‘It never feels unwieldy but you are always conscious of that extra length in the wheelbase’
Funny how attitudes change. Twenty years ago, car companies didn’t pay much attention to their heritage. A colleague on this very magazine, who back then was editing the customer mag for a well-known French car maker – a company renowned for its revolutionary, iconic designs – was forbidden from even mentioning its former classics, on the ludicrous pretext that ‘we look to the future, not the past’.
Thankfully, that arrogant attitude is long gone, and manufacturers these days are only too eager to trade on their previous glories. But it’s still rare for a modern car company to launch a new car that is a deliberate homage to a past model, as opposed to incorporating a few design cues. And when that past model is something as controversial as the William Towns-designed ‘wedge’ Lagonda of the 1970s – well, it’s practically unheard of.
Aston Martin has done just this with the new Lagonda Taraf, however. The Taraf is the first Lagonda to appear since the aforementioned ‘wedge’, and the latest in a very stunted family tree of four-doors. The first was the Rapide of 1961, the car that revived the Lagonda name; then, in 1974, came a stretched DBS – styled, like the ‘ wedge’ that succeeded it, by William Towns. Just seven of these were originally made.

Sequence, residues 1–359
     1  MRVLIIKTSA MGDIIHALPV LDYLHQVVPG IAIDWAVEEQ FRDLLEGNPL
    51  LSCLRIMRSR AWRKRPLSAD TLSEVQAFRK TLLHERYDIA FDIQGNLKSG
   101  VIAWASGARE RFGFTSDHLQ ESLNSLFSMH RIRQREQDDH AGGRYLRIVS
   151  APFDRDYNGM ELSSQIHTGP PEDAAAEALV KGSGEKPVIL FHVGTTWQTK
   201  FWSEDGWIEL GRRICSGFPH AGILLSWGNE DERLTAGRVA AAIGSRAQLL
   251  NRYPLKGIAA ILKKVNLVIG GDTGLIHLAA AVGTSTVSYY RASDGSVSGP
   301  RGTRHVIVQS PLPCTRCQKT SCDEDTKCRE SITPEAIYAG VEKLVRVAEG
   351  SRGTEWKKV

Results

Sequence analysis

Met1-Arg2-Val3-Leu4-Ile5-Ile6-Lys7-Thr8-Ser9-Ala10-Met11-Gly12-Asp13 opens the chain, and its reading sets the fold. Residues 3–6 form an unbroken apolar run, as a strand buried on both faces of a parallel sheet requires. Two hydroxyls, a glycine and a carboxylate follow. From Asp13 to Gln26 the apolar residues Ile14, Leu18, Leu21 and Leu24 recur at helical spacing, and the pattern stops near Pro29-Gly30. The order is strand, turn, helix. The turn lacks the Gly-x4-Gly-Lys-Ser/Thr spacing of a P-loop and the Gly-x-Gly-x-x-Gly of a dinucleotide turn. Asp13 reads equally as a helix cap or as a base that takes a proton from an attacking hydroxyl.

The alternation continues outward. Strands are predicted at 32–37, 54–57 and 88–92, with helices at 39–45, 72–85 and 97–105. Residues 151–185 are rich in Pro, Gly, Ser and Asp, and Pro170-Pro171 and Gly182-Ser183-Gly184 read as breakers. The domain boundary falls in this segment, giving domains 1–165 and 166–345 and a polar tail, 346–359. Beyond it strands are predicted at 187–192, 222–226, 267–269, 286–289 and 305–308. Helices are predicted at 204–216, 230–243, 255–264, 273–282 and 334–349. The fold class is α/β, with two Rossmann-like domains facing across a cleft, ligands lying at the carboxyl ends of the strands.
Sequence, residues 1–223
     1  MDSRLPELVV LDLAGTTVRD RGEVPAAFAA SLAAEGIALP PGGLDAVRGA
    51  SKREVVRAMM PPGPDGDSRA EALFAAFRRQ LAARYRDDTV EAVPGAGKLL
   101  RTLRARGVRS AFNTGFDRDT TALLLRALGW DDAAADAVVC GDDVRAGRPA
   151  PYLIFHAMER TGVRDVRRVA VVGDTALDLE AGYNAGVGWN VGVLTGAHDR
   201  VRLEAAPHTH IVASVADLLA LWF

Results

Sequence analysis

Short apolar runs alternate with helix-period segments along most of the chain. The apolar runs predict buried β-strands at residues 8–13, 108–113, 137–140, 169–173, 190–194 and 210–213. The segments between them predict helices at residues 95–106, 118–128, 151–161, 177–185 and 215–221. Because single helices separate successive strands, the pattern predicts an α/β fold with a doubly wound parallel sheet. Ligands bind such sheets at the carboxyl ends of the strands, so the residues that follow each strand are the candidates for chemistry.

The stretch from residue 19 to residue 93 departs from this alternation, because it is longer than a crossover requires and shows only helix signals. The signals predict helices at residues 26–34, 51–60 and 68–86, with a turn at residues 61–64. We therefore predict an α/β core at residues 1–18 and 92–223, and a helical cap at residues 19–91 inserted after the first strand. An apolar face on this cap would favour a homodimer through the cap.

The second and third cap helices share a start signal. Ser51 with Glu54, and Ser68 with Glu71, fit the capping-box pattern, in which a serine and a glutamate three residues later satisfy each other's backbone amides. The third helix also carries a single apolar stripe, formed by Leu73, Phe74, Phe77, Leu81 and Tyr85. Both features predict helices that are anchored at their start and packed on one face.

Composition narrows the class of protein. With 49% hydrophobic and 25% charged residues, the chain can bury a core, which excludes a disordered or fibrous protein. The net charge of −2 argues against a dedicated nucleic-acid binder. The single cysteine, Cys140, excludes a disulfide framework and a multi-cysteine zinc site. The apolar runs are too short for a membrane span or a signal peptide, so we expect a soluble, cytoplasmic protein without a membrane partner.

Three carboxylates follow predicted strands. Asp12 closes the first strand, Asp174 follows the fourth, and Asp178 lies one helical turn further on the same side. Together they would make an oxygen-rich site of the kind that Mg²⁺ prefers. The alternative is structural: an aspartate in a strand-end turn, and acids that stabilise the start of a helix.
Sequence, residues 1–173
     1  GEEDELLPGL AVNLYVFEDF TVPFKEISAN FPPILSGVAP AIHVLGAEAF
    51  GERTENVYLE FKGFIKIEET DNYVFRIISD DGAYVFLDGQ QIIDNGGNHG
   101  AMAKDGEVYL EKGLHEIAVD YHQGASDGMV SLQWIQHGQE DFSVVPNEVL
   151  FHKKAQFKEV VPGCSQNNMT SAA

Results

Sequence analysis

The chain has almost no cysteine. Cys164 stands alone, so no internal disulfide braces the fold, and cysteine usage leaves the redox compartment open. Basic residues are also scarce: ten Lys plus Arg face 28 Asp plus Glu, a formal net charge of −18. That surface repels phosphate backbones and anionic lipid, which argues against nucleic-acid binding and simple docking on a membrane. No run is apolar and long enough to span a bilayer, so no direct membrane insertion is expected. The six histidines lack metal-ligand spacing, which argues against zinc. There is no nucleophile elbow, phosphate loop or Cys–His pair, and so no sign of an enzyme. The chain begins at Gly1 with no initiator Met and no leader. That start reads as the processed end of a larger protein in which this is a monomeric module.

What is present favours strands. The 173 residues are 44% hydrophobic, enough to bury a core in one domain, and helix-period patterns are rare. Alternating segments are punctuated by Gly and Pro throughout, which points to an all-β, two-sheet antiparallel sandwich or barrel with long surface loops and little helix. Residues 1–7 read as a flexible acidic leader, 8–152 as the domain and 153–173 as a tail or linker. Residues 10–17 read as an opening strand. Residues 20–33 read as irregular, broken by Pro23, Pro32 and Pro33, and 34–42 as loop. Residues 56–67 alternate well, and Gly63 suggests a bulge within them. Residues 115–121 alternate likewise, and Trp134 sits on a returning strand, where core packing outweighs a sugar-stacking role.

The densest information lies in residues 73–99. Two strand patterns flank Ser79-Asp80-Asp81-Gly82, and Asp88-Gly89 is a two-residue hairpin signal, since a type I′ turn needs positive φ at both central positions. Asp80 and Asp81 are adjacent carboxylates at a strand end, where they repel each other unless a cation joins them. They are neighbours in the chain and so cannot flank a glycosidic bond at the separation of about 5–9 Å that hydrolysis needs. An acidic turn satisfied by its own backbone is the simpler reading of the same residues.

But the origami-like ‘wedge’ – dubbed, slightly confusingly, Series 2 at launch in 1976, to distinguish it from the Dbs-based car – was a much bigger seller, with 645 built by the end of production in 1990. Outrageous looks and a hitech digital dashboard caught the zeitgeist and the Lagonda was a particular hit with Middle Eastern buyers, who accounted for about half of them. And that’s exactly the market at which Aston Martin is pitching the Taraf.